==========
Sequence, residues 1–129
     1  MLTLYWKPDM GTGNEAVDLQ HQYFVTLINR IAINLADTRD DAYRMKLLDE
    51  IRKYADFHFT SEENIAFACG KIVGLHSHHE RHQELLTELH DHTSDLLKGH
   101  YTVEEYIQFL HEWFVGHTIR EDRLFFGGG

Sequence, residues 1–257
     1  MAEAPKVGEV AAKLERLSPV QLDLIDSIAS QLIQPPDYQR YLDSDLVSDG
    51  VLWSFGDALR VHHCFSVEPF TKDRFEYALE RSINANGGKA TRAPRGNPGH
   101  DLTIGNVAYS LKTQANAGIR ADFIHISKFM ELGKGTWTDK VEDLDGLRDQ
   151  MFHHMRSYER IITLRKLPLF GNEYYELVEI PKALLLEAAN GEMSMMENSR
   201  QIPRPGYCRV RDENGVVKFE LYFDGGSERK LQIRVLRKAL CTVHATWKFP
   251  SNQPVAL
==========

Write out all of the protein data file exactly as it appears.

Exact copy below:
Sequence, residues 1–129
     1  MLTLYWKPDM GTGNEAVDLQ HQYFVTLINR IAINLADTRD DAYRMKLLDE
    51  IRKYADFHFT SEENIAFACG KIVGLHSHHE RHQELLTELH DHTSDLLKGH
   101  YTVEEYIQFL HEWFVGHTIR EDRLFFGGG

Sequence, residues 1–257
     1  MAEAPKVGEV AAKLERLSPV QLDLIDSIAS QLIQPPDYQR YLDSDLVSDG
    51  VLWSFGDALR VHHCFSVEPF TKDRFEYALE RSINANGGKA TRAPRGNPGH
   101  DLTIGNVAYS LKTQANAGIR ADFIHISKFM ELGKGTWTDK VEDLDGLRDQ
   151  MFHHMRSYER IITLRKLPLF GNEYYELVEI PKALLLEAAN GEMSMMENSR
   201  QIPRPGYCRV RDENGVVKFE LYFDGGSERK LQIRVLRKAL CTVHATWKFP
   251  SNQPVAL